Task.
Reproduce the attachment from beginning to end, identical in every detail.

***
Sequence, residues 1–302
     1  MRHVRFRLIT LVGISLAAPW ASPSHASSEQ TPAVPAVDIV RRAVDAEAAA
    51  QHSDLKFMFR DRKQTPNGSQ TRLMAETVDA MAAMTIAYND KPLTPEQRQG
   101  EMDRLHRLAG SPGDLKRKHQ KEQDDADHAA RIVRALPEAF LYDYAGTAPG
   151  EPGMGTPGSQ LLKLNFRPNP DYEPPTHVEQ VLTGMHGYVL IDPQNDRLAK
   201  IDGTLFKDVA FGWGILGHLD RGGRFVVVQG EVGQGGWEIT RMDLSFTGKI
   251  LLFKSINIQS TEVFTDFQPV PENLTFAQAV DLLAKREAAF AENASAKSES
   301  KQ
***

Sequence, residues 1–302
     1  MRHVRFRLIT LVGISLAAPW ASPSHASSEQ TPAVPAVDIV RRAVDAEAAA
    51  QHSDLKFMFR DRKQTPNGSQ TRLMAETVDA MAAMTIAYND KPLTPEQRQG
   101  EMDRLHRLAG SPGDLKRKHQ KEQDDADHAA RIVRALPEAF LYDYAGTAPG
   151  EPGMGTPGSQ LLKLNFRPNP DYEPPTHVEQ VLTGMHGYVL IDPQNDRLAK
   201  IDGTLFKDVA FGWGILGHLD RGGRFVVVQG EVGQGGWEIT RMDLSFTGKI
   251  LLFKSINIQS TEVFTDFQPV PENLTFAQAV DLLAKREAAF AENASAKSES
   301  KQ